19. Result of the SPT algorithm: One bridge is elected as the root bridge. Each bridge selects a root port (“R”), which is the port that leads to the shortest path to the root bridge For each LAN there is one bridge that has a designated port (“D”) for this LAN All port of a bridge that are neither the root port, nor a designated port, are blocked. Bridges never forward traffic on blocked ports. Question: What is the spanning tree in the figure? How does this algorithm prevent loops? Building the Spanning Tree

  20. Details of the IEEE 802.1d SPT algorithm • Bridges connected to the same LAN exchange messages to configure the bridge (Configuration Bridge Protocol Data Unit, Configuration BPDUs) to build the tree. With the help of the BPDUs, bridges can: • Elect a single bridge as the root bridge. • Calculate the distance of the shortest path to the root bridge • Each LAN can determine a designated bridge, which is the bridge closest to the root. The designated bridge will forward packets towards the root bridge. • Each bridge can determine a root port, the port that gives the best path to the root. • Select ports to be included in the spanning tree.

  21. Configuration BPDUs

  22. Concepts • Each bridge as a unique identifier: Bridge ID = <MAC address + priority level> Note that a bridge has several MAC addresses (one for each port), but only one ID • Each port within a bridge has a unique identifier (port ID). • Root Bridge:The bridge with the lowest identifier is the root of the spanning tree. • Root Port: Each bridge has a root port which identifies the next hop from a bridge to the root.

  23. Concepts • Root Path Cost: For each bridge, the cost of the min-cost path to the root. Assume it is measured in #hops to the root • Designated Bridge, Designated Port:Single bridge on a LAN that provides the minimal cost path to the root for this LAN: - if two bridges have the same cost, select the one with highest priority - if the min-cost bridge has two or more ports on the LAN, select the port with the lowest identifier • Note: We assume that “cost” of a path is the number of “hops”.

  24. Steps of Spanning Tree Algorithm 1. Determine the root bridge 2. Determine the root port on all other bridges 3. Determine the designated port on each LAN • Each bridge is sending out BPDUs that contain the following information: root ID cost bridge ID/port ID root bridge (what the sender thinks it is) root path cost for sending bridgeIdentifies sending bridge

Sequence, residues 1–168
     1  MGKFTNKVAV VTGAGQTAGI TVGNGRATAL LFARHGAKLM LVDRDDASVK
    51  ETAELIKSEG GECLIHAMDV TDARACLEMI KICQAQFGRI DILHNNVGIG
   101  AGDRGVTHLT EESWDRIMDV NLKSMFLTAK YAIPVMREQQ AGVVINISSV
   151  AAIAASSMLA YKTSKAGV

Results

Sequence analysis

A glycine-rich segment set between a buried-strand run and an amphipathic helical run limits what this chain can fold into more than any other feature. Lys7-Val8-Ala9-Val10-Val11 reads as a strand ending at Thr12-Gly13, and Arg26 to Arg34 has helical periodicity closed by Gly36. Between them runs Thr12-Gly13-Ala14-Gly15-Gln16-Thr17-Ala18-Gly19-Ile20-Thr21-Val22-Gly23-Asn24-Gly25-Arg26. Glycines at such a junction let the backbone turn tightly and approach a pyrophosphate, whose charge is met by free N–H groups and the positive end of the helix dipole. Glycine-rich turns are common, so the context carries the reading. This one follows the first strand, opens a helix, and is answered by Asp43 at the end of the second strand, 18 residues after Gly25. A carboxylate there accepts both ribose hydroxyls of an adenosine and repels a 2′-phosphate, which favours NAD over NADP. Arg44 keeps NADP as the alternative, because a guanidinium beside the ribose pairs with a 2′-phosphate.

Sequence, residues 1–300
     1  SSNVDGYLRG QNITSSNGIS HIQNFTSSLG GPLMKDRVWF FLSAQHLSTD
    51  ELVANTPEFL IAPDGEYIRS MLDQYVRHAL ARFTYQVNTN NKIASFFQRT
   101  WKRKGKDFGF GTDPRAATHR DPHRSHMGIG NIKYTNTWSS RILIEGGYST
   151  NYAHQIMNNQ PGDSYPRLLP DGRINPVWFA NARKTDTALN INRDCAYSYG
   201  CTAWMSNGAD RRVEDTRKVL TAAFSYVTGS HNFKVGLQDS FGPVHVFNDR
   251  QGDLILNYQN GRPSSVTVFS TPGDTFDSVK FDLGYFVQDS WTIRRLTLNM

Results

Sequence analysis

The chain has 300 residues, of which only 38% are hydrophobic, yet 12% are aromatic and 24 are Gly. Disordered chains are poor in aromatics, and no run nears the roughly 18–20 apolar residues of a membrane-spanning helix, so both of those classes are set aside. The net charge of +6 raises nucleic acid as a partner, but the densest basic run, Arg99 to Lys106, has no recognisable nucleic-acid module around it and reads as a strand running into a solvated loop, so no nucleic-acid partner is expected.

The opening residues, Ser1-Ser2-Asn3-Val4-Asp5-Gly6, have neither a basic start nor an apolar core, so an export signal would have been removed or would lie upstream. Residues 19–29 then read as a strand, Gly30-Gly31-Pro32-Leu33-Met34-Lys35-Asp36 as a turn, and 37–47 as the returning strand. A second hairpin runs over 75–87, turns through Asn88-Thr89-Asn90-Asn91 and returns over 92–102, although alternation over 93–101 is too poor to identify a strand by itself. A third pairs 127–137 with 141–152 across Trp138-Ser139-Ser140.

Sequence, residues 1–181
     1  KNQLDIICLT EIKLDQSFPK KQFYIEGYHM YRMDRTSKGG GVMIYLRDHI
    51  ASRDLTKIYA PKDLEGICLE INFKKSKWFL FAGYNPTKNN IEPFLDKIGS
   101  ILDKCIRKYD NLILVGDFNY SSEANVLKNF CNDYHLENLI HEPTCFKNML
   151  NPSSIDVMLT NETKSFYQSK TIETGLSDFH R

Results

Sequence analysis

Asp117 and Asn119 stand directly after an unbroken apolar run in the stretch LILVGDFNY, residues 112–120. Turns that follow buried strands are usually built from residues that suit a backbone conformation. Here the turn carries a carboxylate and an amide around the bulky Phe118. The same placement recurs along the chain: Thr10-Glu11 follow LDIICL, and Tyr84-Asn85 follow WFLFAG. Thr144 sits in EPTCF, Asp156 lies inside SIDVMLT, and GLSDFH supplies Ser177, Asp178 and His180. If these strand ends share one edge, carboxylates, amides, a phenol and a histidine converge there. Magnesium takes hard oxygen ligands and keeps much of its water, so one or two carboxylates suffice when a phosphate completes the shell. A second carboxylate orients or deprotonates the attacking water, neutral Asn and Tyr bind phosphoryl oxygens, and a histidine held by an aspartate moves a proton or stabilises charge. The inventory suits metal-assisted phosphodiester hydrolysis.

25. Ordering of Messages • We can order BPDU messages with the following ordering relation “<<“: If (R1 < R2) M1<< M2 elseif ((R1 == R2) and (C1 < C2)) M1 << M2 elseif ((R1 == R2) and (C1 == C2) and (B1 < B2)) M1 << M2 M1 < M2 ID R1 C1 ID B1 ID R2 C2 ID B2

  26. Determine the Root Bridge • Initially, all bridges assume they are the root bridge. • Each bridge B sends BPDUs of this form on its LANs: • Each bridge looks at the BPDUs received on all its ports and its own transmitted BPDUs. • Root bridge is the smallest received root ID that has been received so far (Whenever a smaller ID arrives, the root is updated) B 0 B

  27. Calculate the Root Path CostDetermine the Root Port • At this time: A bridge B has a belief of who the root is, say R. • Bridge B determines the Root Path Cost (Cost) as follows: • If B = R : Cost = 0. • If B  R: Cost = {Smallest Cost in any of BPDUs that containsroot ID R} + 1 • B’s root port is the port from which B received the lowest cost path to R (in terms of relation “<<“). • Knowing R and Cost, B can generate its BPDU (but will not necessarily send it out): R Cost B

  28. Calculate the Designated BridgeDetermine the Designated Port • At this time: B has generated its BPDU • B will send this BPDU on one of its ports, say port x, only if its BPDU is lower (via relation “<<“) than any BPDU that B received from port x. • In this case, B also assumes that it is the designated bridge for the LAN to which the port connects. R Cost B

  29. Selecting the Ports for the Spanning Tree • At this time: Bridge B has calculated the root, the root path cost, and the designated bridge for each LAN. • Now B can decide which ports are in the spanning tree: • B’s root port is part of the spanning tree • All ports for which B is the designated bridge are part of the spanning tree. • B’s ports that are in the spanning tree will forward packets (=forwarding state) • B’s ports that are not in the spanning tree will not forward packets (=blocking state)

  30. Example network

  31. Example • Assume that all bridges send out their BPDU’s once per second, and assume that all bridges send their BPDUs at the same time. Assume that all bridges are turned on simultaneously at time T=0 sec. • Use the following table to write the BPDUs which are sent by the bridges. For each cell, include: • the BPDU (For each BPDU, only provide the <root, cost, bridge> fields) • the ports on which the BPDUs is transmitted (write “none” if the BPDU is not sent on any of the ports) • See next page.

  32. Table for example

  33. Results for example